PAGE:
been found to be sensitive to reward magnitude (that is,
larger amplitudes for high versus low reward) and reward
valence (that is, larger amplitudes for reward gain versus
loss), the FRN is modulated almost exclusively by reward
valence, with more negative waveforms in response to
non-reward outcome relative to reward gain [90]. Moreover, both components are influenced by an individual’s
task engagement, so that larger amplitudes result from
active goal-directed responding to achieve a reward compared with the passive receipt of a reward [91]. Although
most normative studies have focused on the effect of
monetary reward on these components, more recently,
two reports showed that social rewards (for example,

Feedback-related negativity, P3, and reward responsiveness

The field of ASD has a long and rich tradition of using
ERP measures to acquire detailed real-time information
about the dynamics and integrity of neural processes in
the brain of individuals with ASD [100]. However, research has just started to evaluate the clinical utility of
the P3 and the FRN as potential markers for abnormal
reward responsiveness in ASD. In the following sections,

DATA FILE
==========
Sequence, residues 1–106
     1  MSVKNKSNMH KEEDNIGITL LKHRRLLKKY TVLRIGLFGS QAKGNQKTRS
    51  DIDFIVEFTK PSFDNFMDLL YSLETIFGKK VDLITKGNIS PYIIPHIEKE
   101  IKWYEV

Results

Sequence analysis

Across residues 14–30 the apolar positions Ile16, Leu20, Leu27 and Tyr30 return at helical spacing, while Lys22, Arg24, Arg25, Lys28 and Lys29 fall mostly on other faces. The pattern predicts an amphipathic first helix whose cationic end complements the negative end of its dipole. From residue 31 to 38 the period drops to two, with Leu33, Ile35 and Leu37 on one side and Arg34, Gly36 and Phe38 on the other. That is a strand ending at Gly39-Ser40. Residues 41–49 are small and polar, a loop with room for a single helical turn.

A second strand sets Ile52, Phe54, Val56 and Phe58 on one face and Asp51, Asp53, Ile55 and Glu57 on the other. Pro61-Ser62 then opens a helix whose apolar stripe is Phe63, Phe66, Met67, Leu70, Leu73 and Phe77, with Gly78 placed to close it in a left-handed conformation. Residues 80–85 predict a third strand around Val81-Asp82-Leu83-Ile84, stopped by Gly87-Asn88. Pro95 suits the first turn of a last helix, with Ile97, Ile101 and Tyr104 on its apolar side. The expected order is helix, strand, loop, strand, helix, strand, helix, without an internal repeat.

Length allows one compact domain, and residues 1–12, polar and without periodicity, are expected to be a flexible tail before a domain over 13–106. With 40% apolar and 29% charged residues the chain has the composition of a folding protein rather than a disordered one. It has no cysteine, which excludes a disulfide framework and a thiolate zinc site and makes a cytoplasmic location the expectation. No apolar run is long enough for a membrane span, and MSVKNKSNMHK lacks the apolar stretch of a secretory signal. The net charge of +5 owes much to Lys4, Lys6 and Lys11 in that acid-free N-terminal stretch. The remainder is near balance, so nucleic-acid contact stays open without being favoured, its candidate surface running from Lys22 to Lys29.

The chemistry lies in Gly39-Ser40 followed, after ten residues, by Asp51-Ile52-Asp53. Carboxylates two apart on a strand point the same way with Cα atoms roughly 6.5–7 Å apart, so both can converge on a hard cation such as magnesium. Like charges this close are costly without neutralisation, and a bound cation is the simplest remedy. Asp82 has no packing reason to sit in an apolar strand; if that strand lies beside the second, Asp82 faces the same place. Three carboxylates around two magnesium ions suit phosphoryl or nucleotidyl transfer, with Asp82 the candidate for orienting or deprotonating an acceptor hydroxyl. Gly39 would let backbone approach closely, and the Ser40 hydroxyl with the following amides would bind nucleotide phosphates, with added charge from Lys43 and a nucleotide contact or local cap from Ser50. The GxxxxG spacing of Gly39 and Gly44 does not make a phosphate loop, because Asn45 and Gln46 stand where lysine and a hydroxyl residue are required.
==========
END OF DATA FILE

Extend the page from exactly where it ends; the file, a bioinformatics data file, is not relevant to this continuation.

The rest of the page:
we present recent relevant findings and interpret them
in the framework of reward anticipation (’wanting’)
versus reward consumption (’liking’).
Groen and colleagues [101] investigated ERP responses
in a mildly impaired group of children with pervasive
developmental disorder not otherwise specified (PDDNOS) while they performed a reinforcement-based learning task with performance feedback (winning or losing
points). There was a robust P3 effect in response to feedback outcome. A P3 related to feedback anticipation was
not reported. The participants with PDD-NOS did not
differ from a TDC group in their outcome-evoked P3,
suggesting that feedback processing was intact in this patient group. Interestingly, however, during the anticipation of positive feedback, the PDD-NOS group displayed
an atypical stimulus-preceding negativity (SPN), an ERP
component that is thought to index reward anticipation,
similar to the P3 [102].
Larson and colleagues [103] used a gambling task to
specifically elicit the FRN and P3 in response to

Kohls et al. Journal of Neurodevelopmental Disorders 2012, 4:10
http://www.jneurodevdisorders.com/content/4/1/10

monetary gain versus loss in children with and without
ASD. Reward anticipation was not assessed in this study.
Similar to the findings by Groen [101], the ERPs evoked
by reward outcome did not differ between the experimental groups. The authors concluded that the neural
response to concrete, external feedback, that is, monetary gain (‘liking’) and loss (‘disliking’), is intact in ASD,
reflected in normal FRN and P3 effects.